Cavity 12 is defined at the base of liquid storage unit 10 by upstanding annular ring 20. On the external wall 22 of annular ring 20 there is formed a plurality of external threads 24 which are designed to engage a mating set of internal threads 26 which are formed on wall 28 of a removable cap 30. This complementing plurality of threads, exemplified by threads 24, and 26, allow the removable cap 30 to be easily engaged or disengaged, to cover to uncover, respectively, the cavity 12. For instance, by providing four separate thread formations on the cavity ring and the cap, the cap may be mated with the cavity in any four positions. This feature is commonly called "multi-start" threads. Further, the cap 30 may be fully tightened to seal the cavity 12 with only one quarter of one revolution. Similarly, it may be removed by turning it only one quarter of one revolution. This feature provides ultimate simplicity to the user and, further, prevents almost all instances wherein the mating threads could be mismatched, resulting in damaged threads on the cap or the cavity, or both.
Also, to aid in engaging or disengaging the cap 30 from the storage unit 10, there is a plurality of raised ribs 31 formed on the cap's periphery. These raised ribs 31 enable the user to get a good purchase on the cap 30 for ease in engagement or disengagement. Additionally, as seen in FIGS. 1 and 2, the middle portion of the liquid storage unit 10, which extends between the structure defining the cavities 12 and 14, is symmetrically sloped to provide additional finger purchase space for grasping the raised ribs 31 of each of the caps 30 when opening and closing the caps of the case.
A groove 32 is formed below the interior face 34 of the cap 30 slightly inward radially from the internal wall 28. A suitable seal such as an illustrated o-ring 36, formed of a suitable resilient material, such as silicone, is positioned in the groove 32. Other seals or rings of other configurations may be used. The groove 32 is formed so that the inner diameter of the o-ring must be stretched over the inner groove wall 33 and the outer diameter of the o-ring must be compressed to outer groove wall 35. The o-ring 36 is thereby securely held in place and cannot fall out, no matter what position the cap 30 may be in. Additionally, the o-ring 36 remains in place notwithstanding lateral forces imposed thereon when the cap 30 is tightened to seal the cavity. The purpose of the o-ring 36 is to bear against a mating surface 38 of annular ring 20. To guard against undue distortion to the o-ring 36, the interior face 34 of cap 30 bottoms against the mating surface 38 of annular ring 20 after the cap has been engaged to the body by a certain fraction of a revolution. The cavity 12 results when the cap 30 is fully engaged with the storage unit 10. The o-ring 36 is properly compressed by the cap 30 and expands against the walls 33, 35 of the groove 32 so that a fluid tight seal results between the two mating parts.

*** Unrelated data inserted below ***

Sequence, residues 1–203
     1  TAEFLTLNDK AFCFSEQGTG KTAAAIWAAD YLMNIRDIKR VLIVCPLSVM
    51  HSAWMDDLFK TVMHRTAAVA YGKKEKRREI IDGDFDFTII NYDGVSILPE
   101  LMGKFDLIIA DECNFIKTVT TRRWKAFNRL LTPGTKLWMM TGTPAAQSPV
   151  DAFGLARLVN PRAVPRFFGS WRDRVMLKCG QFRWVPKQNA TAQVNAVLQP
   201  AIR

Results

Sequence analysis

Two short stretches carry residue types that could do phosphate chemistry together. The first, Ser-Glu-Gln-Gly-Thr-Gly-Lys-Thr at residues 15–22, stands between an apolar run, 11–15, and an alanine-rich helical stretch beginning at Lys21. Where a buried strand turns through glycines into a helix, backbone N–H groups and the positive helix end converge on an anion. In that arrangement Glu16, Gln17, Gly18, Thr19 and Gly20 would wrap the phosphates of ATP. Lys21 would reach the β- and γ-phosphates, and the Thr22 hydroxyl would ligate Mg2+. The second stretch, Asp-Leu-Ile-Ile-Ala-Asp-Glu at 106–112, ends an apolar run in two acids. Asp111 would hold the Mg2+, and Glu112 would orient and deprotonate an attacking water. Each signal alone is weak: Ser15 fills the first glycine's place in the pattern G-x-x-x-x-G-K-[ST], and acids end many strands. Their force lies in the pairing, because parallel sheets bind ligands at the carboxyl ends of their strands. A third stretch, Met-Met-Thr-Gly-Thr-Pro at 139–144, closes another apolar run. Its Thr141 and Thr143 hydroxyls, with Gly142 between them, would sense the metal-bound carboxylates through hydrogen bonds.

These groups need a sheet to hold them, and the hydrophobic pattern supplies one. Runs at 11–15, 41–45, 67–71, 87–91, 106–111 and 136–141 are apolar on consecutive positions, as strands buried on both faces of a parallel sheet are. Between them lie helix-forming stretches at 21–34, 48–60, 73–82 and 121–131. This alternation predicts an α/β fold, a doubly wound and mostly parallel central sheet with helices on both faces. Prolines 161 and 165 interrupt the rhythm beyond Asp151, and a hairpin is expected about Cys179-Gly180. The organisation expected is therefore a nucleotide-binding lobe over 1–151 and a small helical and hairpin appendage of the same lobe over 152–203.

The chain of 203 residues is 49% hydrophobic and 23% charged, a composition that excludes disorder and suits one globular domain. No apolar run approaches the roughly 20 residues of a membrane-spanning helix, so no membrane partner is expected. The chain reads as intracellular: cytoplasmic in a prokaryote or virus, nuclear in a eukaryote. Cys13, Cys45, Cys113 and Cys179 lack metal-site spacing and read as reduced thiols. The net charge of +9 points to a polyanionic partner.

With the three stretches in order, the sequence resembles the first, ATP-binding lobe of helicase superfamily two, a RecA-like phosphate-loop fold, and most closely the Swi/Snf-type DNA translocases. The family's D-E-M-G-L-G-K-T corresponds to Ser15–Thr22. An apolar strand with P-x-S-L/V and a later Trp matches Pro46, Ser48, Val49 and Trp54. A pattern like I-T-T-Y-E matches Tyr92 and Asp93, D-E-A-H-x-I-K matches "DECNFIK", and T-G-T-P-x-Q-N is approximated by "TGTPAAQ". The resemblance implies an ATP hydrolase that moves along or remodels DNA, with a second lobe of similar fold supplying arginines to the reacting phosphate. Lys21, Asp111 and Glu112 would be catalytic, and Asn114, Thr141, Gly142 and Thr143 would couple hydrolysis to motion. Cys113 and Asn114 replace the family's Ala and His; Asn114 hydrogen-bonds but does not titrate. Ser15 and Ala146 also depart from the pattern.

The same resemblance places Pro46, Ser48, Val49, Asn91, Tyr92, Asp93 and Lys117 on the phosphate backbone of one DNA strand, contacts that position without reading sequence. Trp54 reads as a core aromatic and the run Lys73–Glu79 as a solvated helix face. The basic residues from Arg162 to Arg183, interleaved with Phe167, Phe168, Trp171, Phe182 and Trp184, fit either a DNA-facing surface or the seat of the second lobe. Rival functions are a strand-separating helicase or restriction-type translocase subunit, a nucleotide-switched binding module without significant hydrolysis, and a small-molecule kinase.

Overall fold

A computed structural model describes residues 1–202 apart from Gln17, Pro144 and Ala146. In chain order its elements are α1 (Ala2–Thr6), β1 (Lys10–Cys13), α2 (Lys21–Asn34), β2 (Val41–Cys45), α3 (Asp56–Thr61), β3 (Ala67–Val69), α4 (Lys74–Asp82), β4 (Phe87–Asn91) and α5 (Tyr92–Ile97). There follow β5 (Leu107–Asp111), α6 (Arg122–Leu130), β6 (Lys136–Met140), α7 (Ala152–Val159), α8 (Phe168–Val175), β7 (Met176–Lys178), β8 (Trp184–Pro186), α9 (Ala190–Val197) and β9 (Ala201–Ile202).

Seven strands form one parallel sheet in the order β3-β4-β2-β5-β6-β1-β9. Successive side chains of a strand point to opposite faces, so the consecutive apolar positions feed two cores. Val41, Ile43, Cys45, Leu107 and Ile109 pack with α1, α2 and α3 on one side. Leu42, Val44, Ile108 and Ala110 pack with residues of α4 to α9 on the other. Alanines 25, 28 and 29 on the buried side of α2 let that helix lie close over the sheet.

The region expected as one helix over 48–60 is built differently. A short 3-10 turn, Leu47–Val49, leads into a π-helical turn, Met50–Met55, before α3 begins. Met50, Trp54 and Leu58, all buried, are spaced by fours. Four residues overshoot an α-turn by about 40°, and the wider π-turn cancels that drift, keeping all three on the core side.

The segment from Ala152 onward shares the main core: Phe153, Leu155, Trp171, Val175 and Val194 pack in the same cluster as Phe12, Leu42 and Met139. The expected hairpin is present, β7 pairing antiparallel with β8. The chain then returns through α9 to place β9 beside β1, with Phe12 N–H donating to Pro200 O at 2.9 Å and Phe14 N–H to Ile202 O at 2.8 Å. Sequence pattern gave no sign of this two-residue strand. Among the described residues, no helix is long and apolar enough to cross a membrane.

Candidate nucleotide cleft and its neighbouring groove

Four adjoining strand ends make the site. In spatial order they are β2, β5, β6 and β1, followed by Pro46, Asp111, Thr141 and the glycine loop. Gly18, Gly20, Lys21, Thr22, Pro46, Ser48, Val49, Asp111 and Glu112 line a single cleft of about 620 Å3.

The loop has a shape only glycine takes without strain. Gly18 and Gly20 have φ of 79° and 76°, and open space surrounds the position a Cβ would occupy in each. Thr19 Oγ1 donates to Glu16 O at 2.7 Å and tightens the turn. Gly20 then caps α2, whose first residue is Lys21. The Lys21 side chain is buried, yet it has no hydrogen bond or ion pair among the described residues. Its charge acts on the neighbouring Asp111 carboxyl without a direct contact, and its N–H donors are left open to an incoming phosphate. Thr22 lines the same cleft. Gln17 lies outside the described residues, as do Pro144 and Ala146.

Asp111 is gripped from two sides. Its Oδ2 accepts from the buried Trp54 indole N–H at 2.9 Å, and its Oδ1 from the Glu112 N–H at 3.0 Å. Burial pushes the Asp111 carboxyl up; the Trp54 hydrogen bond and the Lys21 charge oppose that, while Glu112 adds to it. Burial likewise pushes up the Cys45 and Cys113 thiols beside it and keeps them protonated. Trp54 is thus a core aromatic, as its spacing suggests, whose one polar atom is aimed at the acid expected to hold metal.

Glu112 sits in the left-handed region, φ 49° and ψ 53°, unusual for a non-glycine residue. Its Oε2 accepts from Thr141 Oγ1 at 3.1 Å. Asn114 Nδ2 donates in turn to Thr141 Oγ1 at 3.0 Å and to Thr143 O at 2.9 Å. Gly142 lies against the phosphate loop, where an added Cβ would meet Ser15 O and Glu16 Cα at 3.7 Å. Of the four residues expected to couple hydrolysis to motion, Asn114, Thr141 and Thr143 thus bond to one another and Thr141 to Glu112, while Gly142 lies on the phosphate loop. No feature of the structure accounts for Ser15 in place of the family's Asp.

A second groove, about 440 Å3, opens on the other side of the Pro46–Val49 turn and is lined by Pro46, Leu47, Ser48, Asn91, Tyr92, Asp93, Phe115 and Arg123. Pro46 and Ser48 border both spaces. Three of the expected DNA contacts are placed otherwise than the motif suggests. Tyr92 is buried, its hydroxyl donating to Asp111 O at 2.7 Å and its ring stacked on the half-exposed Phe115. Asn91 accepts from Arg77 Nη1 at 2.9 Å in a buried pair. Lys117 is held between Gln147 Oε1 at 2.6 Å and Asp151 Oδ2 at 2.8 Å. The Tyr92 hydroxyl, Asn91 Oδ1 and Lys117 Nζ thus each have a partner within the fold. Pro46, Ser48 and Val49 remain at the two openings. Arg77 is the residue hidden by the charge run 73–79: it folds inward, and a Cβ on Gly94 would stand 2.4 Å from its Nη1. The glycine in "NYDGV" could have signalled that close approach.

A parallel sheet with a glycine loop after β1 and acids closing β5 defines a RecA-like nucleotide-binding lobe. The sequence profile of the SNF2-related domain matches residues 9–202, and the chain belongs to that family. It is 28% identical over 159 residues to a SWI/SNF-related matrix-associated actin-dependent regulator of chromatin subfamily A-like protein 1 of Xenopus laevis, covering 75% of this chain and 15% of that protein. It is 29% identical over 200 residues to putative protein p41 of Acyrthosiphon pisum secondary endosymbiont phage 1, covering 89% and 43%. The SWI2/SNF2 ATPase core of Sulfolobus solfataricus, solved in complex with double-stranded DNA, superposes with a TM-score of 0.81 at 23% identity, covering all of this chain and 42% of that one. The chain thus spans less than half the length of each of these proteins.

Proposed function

A raised annular ring 40 is formed on the interior surface 34 of the cap 30, just slightly inward from the annular groove 32. Inside the area defined by the raised annular ring 40, there is formed a dome-like section 42 which preferably has a spherical curvature and is designed as a pad to accept the concave side of a contact lens. The raised annular ring 40 may be contoured to have reliefs 41 formed therein to aid the user while inserting or extracting the contact lens to provide finger access to the lens upon the pad. A concave cover member 44 formed of radially extending fingers 46, as best seen in FIG. 3, is pivotally secured to the raised annular ring 40 at pivot 48 by a hinge or pivot pin 50. To prevent shearing or distortion of the pin 50, it is preferred to cam the outside curved surfaces of the supports, between which the pin 50 extends, upon the top surface of the raised annular ring 40 when the cover member 44 is opened and closed. The curved surfaces thusly support the cover member 44 and prevent stress from being placed on the pin 50. The concave cover member has a spherical curvature which complements the dome-like section. The radially extending fingers 46 have openings 47 therebetween, as best seen in FIG. 3, which permits easy access of fluid particularly to the convex side of the contact lens stored on the domed portion 42. The concave cover member 44 also has a catch 52 positioned 180° from the pivot pin 50. The catch 52 cooperates with a detent member 54 provided in the raised annular ring 40 to secure the concave cover member 44 in a closed position. A tang 55 is formed on the concave cover member 44 above the catch 52 to aid the user in opening the concave cover member 44. Of course, it is understood that there is a variety of catches that would work equally as well in this apparatus.